“My father wants to know my scores for the examinations for the end of the term.” Feofan said sullenly.

“ I know the feeling Comrade. My mother beats me about the head every time she sees my math skills. ‘Any boy of mine should do better. After all the good your brother and sister did for the Young Pioneers’ That gets old so fast,” Kliment said taking a sip of the harsh liquid that passed for coffee.

“Father wants me to get into the Militia like him. Why would anyone want to work on roads all?” Feofan pulled out a cigarette lighting it up with a smile. His father while in the Moscow Militia was in charge of road maintenance. An important job but hardly glamorous to a seventeen year old.

“Why not go for the army?” Viktor said.

“What?” Feofan and Kliment said in unison.

“Think about it. We sign up now, get to skip the rest of the school term and pass might I add. We get our conscription out of the way, get those nice little Young Pioneer citizenship medals, and our families get to brag at how responsible we are.” Viktor grinned, he was allows a rogue but every so often he had the most amazing ideas.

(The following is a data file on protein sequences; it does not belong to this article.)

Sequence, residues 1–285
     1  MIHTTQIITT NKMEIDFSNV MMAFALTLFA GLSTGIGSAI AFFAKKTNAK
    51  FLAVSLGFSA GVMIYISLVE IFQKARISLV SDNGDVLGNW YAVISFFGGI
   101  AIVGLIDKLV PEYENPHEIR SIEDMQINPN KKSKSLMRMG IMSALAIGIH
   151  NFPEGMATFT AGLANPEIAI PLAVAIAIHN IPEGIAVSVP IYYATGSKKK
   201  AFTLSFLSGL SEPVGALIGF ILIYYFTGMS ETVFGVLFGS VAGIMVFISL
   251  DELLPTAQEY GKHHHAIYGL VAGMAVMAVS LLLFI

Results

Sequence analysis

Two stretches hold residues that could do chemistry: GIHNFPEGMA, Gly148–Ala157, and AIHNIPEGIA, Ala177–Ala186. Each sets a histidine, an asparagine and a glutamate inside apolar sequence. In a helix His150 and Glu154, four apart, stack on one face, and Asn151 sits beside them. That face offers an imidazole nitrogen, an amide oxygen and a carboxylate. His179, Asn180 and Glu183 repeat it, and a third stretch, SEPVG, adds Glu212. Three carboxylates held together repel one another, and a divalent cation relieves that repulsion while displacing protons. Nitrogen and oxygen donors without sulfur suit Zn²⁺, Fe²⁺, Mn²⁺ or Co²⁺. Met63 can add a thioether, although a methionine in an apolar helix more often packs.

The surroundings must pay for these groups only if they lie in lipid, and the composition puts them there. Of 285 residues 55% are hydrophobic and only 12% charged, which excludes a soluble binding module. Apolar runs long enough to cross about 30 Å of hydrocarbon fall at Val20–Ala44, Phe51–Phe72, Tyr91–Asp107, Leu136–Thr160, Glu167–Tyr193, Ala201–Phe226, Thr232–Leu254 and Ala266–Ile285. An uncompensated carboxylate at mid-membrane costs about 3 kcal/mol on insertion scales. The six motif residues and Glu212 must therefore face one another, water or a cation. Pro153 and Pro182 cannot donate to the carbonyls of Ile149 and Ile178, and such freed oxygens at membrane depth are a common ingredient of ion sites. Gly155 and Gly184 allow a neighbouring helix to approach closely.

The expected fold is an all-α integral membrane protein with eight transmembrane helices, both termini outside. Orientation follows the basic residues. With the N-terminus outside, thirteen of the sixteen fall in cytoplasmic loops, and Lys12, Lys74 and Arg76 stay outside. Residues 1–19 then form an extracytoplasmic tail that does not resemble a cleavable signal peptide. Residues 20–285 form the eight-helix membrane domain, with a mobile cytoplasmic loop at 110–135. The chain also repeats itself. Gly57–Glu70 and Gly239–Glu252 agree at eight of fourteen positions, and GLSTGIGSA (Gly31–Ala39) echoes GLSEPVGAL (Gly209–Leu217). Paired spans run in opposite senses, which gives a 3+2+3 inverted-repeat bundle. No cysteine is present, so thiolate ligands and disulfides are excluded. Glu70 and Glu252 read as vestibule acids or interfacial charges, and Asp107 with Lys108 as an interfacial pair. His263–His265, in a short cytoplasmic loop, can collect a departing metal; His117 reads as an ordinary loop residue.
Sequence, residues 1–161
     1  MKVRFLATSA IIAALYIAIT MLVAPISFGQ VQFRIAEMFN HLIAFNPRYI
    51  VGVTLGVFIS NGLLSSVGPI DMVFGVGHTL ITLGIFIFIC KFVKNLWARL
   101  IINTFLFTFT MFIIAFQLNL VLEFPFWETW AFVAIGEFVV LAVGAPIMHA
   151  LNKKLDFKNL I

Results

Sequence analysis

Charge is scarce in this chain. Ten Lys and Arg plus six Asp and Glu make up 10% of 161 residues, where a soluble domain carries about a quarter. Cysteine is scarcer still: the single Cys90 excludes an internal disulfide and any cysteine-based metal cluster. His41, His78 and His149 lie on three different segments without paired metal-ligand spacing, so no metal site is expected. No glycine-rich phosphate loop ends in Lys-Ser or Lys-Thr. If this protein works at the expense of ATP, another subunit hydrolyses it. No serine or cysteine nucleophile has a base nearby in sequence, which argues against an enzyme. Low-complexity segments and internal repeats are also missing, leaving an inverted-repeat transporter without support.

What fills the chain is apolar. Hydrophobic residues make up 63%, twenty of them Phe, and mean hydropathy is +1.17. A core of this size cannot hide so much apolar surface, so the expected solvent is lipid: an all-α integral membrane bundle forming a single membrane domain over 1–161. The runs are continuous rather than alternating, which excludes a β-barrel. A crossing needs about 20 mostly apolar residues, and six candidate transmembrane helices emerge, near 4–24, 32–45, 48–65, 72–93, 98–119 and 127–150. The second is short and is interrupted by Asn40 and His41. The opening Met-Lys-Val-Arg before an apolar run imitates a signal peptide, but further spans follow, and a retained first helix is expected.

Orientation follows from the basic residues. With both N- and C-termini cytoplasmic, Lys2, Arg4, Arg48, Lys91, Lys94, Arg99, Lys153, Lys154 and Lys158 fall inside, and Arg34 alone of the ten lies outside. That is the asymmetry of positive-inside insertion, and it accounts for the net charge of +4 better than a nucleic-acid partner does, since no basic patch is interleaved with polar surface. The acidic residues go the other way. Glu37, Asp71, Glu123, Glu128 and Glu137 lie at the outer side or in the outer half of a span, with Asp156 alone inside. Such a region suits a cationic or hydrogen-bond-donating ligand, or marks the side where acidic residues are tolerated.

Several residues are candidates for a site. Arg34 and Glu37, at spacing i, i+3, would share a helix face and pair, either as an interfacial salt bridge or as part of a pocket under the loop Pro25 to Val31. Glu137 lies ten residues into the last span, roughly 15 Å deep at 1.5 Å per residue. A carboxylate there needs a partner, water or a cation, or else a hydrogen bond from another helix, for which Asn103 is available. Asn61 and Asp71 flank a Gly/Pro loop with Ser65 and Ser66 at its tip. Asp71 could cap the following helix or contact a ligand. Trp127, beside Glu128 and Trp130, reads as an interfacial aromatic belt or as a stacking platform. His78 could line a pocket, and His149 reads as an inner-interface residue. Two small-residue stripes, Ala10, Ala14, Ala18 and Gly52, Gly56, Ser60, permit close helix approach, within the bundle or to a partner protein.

The trio got up sliding a few kopeks down, and walking around the edge of Moscow. With a smile they located a recruiting station. The Soviet Union was always willing for anyone who wanted to volunteer. Not many did it, in Feofan’s mind he never understood why. Got service out of the way, looks good on your record, and you get a nice stipend for doing it. After a brief conversation, and proof of identification the three boys stepped back. A portly Russian with a thick Georgian accent stood up, “Do you swear that the information you have supplied is accurate? To serve the Soviet Union to the best of your abilities? To spread the Revolution when the need arises?”
“I swear to serve the Soviet Union.” the three boys said. Each received a paper with instructions, and a date to appear for training. At home Feofan told his father what he had done. He looked down, and held his hand out, “I am proud of you son.”

“Thank you father.” Feofan felt a slight sliver of pride as he shook his fathers hand, for the first time he realized he was man.
Nice start! Looking forward to this one.
Great start, shaping up to be very interesting.
The summer of 1928 was cheery in Leningrad compound. Located just twenty kilometers from the city of Leningrad it would have been the perfect place to spend long lazy days, but Feofan Karpov was in the army now. No time for such leisure. He was barely eighteen but he kept up with the other new recruits as they went through the seemingly endless drills, marches, and conditioning. The one thing drilled into each Soviet soldier was to obey, the officers knew what they were doing, and would tell you so as often as they could.